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Fez is joyful. Gomez is more expressive than a marshmallow-puff character has any right to be, and his adorability carries throughout the entire adventure. Every time he collected enough bits for a cube and he jumped up in glee, mouth wide, I mimicked him from my couch (complete with sound effects). Every time. There's a lot to be said for a game that can make a grown woman squeal with glee dozens of times in a playthrough (especially a game that doesn't star Hello Kitty).
The game's unique artwork, its perspective-shift mechanic, its nostalgia for the 16-bit years and its bewitchingly strange setting all exist in total harmony and make a single, deliberate statement. Maybe it's about perception, reality and subjectivity, like the old man said. But I think it's about something else: what games were to us in their charged infancy, what they've expanded into in the 30 years since, and how to fold those things together into a single, beautiful whole.
(...) this truly is a classic. The aesthetics, the way it plays, the satisfaction of discovery – all are aspects that are missing in too many modern releases. Should you have found your interest in gaming to be waning of late, then this may have the power to restore your faith in the industry’s ability to surprise and innovate. For that alone, Fez deserves your undivided attention.
Once you have a handle of things, however, Fez is one of those rare gifts that comes as the result of a determined visionary who didn’t give up when the going got tough. If you own an XBOX 360, owning this title is as no-brainer as it gets.
Fez has been the most enjoyable and entertaining game I’ve experienced this year. It’s a charming, charismatic adventure that will leave you with a smile across your face for the duration of your play. It is also incredibly cryptic and is far more than skin deep. I can’t decide if Phil Fish and his team are geniuses or completely out of their minds. Fez is not just a game; it is a masterpiece that will have you immersed within a deceivingly vague world.
Insbesondere nachdem ich Indie Game: The Movie gesehen habe, möchte ich Phil Fish umarmen und mal so richtig drücken. Ein so unfassbar sympathischer Mensch, der sich komplett aufreibt für ein Herzensprojekt. Und das merkt man Fez an. Indie-Spiele haben eine ganz eigene Magie. Ich persönlich merke, wie mir die ewig-gleichen AAA-Titel immer egaler werden, während mich ein Indie-Kracher nach dem anderen umhaut. Fez ist witzig, clever, charmant, fesselnd, manchmal auch gruselig, fordernd, lässt einem das Gehirn schmelzen und verbeugt sich dabei auch noch elegant vor der 16-Bit-Ära. Nach Lone Survivor und Botanicula ein weiterer Game-of-the-Year-Kandidat aus dem Bereich der unabhängigen Entwickler. Es gibt für Xbox 360-Besitzer keine Ausrede, wenigstens mal kurz in Fez reinzuschauen.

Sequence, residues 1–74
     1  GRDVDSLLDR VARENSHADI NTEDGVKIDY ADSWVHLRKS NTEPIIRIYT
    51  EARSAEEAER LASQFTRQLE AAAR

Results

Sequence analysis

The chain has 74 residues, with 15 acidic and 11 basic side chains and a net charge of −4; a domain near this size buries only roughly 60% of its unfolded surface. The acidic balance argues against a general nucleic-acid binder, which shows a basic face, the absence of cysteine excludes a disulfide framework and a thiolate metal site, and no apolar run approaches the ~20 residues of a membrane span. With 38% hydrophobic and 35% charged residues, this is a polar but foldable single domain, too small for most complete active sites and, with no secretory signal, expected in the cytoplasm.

Fez erweckt das Kind in euch, dessen uneingeschränkter Entdeckerdrang euch von Plattform zu Plattform, von Geheimnis zu Geheimnis und von Welt zu Welt springen lässt. Es bedarf schon harter Arbeit um sich nicht in Gomez‘ farbenfrohes Universum zu verlieben und sich darin zu verlieren.
The sum of Fez’s intelligent level designs, perception mechanic, massive number of stages and secrets, and incredible art is so much more than just a shout-out to old-school gaming. Fez is a game in love with games. It has a respect for classic ideals and a confidence in its original ideas. Polytron draws on this to remind players why they fell in love with video games in the first place, all the while daring to make them think about the medium from a new perspective.
With its iconic allure, interactive richness and seamless capture of human cognition, Fez is, quite simply, the gold standard of puzzle platforming today. Substantial in its lifespan and unrelentingly impactful in its execution, this is a game that will stay with you for a long, long time, potentially changing the way you perceive not only video games, but the essence of the human mind itself. For a meagre 800 Microsoft Points, its value as a purchase, and, more poignantly, an experience, just cannot be questioned.
Overall, the wait was definitely worth it for FEZ. The game keeps things simple yet does it near perfectly. This game is a strong exclusive for the XBLA to have right now. Make sure to check it out.
If there's anything about Fez's vintage attitude I truly appreciate, though, it's the way the game brought back the concept of an adventure brimming with well buried secrets. I dug fishing out a spiral notebook and penning whatever leads I could spot, and it almost saddened me to return the pad back to its home at the bottom of my desk drawer. I also admire that the game eschewed both a long-winded narrative and a hand-holding campaign, similar to the adventure games I grew up with. If you're up for a semi-retro quest packed with difficult puzzles and oodles of exploration, then I say give Fez a try. Just don't expect any epic battles or easily readable maps.